A century-old Chinese bank became the latest target of a tightening financial clean-up in the world's second largest economy.
China's banking regulator has fined Postal Savings Bank of China (PSBC), along with 11 other related banks, a total of 295 million yuan (about 46 million U.S. dollars) over a bill fraud case in the northwestern province of Gansu.
Probes into a PSBC sub-branch in Wuwei City in December found 7.9 billion yuan worth of bills were involved and another 3 billion yuan of wealth management funds were illegally drawn or embezzled, according to the China Banking Regulatory Commission (CBRC).
It was the third major penalty on domestic lenders since December, following a 462-million-yuan fine imposed on a branch of Shanghai Pudong Development Bank for illegally covering up bad loans and a 722-million-yuan fine for China Guangfa Bank for offering illegal guarantees for defaulted corporate bonds.
The hard action suggests an even tougher stance on risk control by the government, which has already taken a hardline on financial violations and accumulating risk for the past year.
The CBRC listed 10 regulatory tasks for 2018, ranging from shrinking corporate debts to cracking down on illegal activities to curbing property bubbles.
While risks are generally manageable, non-performing assets, imperfect internal control, shadow banking and other hidden dangers still pose threats to financial stability, CBRC chairman Guo Shuqing has said, warning of hidden dangers of "gray rhinos" and "black swans."
Two other main financial regulators also moved swiftly in stepping up supervision in the mean time.
The China Securities Regulatory Commission has started to take rigorous approval procedures for initial public offerings (IPOs) since a new public offering review committee came into office in October, rejecting or suspending more than half of IPO applications. During the previous week, only three of 18 businesses were given the greenlight.
Over the past three years, the approval rate stood above 90 percent, according to Wind Info, a financial information service provider.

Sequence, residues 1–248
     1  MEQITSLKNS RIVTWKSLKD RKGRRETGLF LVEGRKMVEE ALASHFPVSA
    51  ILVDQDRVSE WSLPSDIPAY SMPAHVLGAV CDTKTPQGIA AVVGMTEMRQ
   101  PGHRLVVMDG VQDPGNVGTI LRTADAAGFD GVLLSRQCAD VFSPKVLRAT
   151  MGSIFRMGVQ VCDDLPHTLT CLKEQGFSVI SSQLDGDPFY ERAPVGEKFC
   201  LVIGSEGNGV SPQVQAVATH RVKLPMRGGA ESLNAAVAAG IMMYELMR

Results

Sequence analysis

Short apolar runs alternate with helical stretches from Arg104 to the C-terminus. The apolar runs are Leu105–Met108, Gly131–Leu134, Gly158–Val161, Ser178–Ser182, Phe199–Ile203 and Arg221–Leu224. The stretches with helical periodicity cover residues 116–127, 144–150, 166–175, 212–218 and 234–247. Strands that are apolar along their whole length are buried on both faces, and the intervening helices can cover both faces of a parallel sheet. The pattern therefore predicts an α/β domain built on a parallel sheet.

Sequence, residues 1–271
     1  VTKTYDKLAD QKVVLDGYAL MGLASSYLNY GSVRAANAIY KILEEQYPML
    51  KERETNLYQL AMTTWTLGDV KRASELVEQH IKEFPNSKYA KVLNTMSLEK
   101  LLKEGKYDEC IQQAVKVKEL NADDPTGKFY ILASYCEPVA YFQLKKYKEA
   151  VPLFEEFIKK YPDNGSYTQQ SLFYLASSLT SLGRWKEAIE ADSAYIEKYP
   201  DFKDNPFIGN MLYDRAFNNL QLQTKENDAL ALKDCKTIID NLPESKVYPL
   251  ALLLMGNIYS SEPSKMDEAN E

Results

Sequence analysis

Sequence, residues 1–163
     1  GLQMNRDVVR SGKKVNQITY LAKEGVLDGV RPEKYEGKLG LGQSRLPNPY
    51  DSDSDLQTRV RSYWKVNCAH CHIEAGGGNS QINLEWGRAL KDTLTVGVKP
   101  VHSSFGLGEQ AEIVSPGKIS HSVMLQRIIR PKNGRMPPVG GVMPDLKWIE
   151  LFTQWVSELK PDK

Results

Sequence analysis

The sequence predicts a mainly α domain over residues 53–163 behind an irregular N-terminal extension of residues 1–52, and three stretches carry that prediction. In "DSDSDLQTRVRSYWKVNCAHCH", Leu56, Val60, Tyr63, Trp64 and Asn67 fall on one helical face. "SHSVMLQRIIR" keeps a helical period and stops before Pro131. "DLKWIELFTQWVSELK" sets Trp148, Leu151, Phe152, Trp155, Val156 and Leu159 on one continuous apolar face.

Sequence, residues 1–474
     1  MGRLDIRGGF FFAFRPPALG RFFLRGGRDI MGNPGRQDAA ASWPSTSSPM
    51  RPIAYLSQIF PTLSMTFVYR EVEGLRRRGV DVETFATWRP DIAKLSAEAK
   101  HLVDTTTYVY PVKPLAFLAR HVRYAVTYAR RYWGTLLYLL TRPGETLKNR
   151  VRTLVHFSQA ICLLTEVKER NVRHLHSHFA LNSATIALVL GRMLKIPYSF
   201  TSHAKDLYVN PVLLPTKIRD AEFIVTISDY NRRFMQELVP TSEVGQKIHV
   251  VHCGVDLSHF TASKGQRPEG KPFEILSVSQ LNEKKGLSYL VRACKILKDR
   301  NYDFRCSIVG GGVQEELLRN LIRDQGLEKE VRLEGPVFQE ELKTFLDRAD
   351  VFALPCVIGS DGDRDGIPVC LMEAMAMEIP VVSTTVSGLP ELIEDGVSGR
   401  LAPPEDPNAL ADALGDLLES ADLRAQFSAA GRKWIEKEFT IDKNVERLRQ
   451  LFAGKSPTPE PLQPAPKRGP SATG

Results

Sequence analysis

The insurance regulator rolled out new rules to toughen regulation over insurance funds, with the aim of directing more capital into the real economy. Outbound investment of insurance funds will be under scrutiny, and shareholders of insurance firms will be banned from interfering in the operation.
Prevention of financial risks is key for China to win what policy makers called the three tough battles, during the tone-setting Central Economic Work Conference in December, namely controlling risks, reducing poverty and tackling pollution.
Liu He, a member of the Political Bureau of the Communist Party of China Central Committee, stressed financial risk control in his speech at the World Economic Forum in Switzerland.
"Shadow banking and hidden debt for local governments are serious problems we have to deal with," he said. "In about three years, we will strive to bring the overall leverage ratio under effective control, make the financial system more adaptable and better serve the real economy, prevent systemic risks and facilitate better flow of economic activities."
Thanks to the efforts, progress has been made. The country's overall leverage ratio growth has slowed down, and outstanding loans from shadow banking have begun to decline.
Robin Xing, chief China economist with Morgan Stanley, said the situation was improving and risks would remain under control.
"Policy tightening and related financial sector clean-up policies have helped to control financial risks," he said.
Xing estimated that China's debt to GDP ratio would peak in the second half of 2019.